You currently have an array of choices, without further implementation constraints, for both marking and unmarking duplicates:
- I agree it's a duplicate, with high confidence. - Vote.
- I agree it's a duplicate, but I'm not confident. It's probably a good idea to leave a comment saying why you're teetering if you can, as you're probably not the only one having concerns. A discussion could be warranted.
- I agree it's a duplicate, but I'm not sure the target is the best choice. - Better off leaving a comment there, as that means you probably want to kick off a discussion.
- I agree it's a duplicate, but I know I have a better target. Fix it, (just edit the list).
- I disagree that it's a duplicate, and I'm confident. Obviously, don't vote to close. If you're confident it's not a duplicate and it has been closed, reopen it (you have the power).
- I disagree that it's a duplicate, but not really confident. The same thing about a short comment (or even meta) discussion holds here, if you're in doubt you're probably not alone.
And don't forget, the mightiest of the mighty of all super powers that every single user with close vote privileges has:
The mighty 'meh' vote, or writing an answer!
Sometimes the best thing to do is skip the hardest problems that only earn 1 point and focus on some of the easier ones, then come back to the ones you skipped, similar to strategies for standardized tests. The meh vote is one of indifference where you .. do absolutely nothing.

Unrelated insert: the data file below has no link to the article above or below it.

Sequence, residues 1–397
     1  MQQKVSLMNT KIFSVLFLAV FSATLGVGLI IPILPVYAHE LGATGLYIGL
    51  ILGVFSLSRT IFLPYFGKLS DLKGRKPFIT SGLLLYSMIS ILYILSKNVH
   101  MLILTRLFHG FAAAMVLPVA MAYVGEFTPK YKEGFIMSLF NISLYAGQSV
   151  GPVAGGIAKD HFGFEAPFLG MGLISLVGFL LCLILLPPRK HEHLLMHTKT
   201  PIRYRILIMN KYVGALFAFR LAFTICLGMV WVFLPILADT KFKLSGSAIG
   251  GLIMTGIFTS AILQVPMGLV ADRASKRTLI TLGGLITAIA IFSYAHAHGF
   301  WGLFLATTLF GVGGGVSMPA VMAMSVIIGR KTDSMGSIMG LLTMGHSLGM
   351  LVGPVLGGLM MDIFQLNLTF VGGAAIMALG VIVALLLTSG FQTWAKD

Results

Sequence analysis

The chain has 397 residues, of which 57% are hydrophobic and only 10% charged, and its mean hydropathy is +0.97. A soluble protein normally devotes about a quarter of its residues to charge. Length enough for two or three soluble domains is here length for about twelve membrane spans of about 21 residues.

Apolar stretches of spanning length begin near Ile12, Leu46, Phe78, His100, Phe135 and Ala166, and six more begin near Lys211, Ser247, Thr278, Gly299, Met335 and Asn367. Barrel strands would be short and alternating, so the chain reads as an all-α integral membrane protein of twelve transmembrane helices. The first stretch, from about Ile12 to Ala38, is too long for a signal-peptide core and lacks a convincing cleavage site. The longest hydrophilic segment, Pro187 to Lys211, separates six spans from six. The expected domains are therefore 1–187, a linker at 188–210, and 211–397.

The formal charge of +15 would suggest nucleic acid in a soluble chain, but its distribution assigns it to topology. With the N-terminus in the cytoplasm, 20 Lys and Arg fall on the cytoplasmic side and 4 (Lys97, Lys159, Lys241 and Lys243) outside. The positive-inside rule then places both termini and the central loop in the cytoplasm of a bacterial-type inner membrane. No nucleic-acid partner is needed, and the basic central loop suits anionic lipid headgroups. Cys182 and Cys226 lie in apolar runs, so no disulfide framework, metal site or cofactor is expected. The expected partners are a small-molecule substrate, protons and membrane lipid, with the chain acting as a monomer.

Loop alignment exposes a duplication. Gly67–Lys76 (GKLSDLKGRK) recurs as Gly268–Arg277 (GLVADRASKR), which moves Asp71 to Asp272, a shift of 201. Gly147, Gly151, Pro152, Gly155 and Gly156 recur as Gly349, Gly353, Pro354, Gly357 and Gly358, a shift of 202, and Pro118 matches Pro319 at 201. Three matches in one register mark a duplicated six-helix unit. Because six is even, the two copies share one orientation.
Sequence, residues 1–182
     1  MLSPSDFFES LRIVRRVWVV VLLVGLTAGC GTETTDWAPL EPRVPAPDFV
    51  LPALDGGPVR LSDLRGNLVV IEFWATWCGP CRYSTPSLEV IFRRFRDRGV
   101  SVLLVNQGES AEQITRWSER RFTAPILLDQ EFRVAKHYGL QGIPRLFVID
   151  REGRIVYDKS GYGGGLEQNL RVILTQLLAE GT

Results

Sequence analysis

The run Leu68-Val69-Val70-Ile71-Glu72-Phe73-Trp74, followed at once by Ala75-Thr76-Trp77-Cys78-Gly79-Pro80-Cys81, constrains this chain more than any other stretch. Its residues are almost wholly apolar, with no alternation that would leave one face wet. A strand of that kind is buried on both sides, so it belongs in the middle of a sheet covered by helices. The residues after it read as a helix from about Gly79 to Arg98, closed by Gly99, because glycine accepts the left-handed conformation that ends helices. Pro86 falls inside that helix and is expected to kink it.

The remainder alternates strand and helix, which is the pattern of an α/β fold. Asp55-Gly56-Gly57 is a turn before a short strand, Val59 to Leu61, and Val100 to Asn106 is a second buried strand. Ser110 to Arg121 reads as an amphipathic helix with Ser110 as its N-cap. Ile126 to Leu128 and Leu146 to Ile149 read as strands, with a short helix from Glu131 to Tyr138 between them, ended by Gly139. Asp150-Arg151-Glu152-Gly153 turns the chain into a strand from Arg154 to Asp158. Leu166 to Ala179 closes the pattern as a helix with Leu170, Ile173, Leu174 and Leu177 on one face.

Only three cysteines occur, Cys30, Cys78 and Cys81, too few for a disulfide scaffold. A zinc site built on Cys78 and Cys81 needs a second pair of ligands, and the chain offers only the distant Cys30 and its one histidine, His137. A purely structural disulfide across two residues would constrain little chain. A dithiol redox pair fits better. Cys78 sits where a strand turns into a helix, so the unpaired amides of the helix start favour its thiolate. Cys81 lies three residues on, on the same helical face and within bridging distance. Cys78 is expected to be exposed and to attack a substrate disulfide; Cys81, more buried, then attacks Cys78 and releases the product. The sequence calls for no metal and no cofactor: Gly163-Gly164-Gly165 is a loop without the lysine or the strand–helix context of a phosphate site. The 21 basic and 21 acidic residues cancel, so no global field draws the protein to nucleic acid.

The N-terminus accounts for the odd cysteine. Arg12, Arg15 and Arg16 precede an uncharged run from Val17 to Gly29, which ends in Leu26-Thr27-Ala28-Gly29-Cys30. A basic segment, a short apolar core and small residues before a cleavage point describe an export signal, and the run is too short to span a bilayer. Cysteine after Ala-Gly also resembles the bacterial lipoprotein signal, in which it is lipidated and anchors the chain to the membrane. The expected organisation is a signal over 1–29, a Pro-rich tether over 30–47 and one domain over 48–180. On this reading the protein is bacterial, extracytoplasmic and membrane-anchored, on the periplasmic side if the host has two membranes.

Another great way to help in cases where you're sure it's not a duplicate is to write an answer that's quite a ways away from what's given on other suggested duplicates. While this doesn't always hold true on more subjective sites (e.g. Meta sites), a difference in answers often indicates that the questions are substantially different, even if they seem quite similar.
The one thing we might be able to do is show comments from gold badge holders first in the comment sort order, but I'm not convinced that would be terribly helpful (and could, in some cases where folks lost their wits, be actively harmful).
So, if you find yourself wanting the wisdom of other collaborators to feel more confident, you probably want to be writing a comment instead.
However, it is a mod-like power, and that worries some folks.
If your concern revolves around not wanting to stand out as a single voter (thus, potentially opening you to more scrutiny), then you're probably observing a problem with the culture surrounding a particular tag that isn't making you feel as safe or comfortable as you should feel, which is a completely different problem that we're working on. We'd rather fix the bigger problem than put work-arounds in place to skirt around it.
Similarly, we're going to be really looking at the problem of people 'punishing' correct answers simply because they were written to what others perceived to be 'obvious duplicates'. I mention this because it's important to highlight additional reasons why some folks would not feel comfortable using the advice I gave above.
But, in the end, we shouldn't need to change the feature.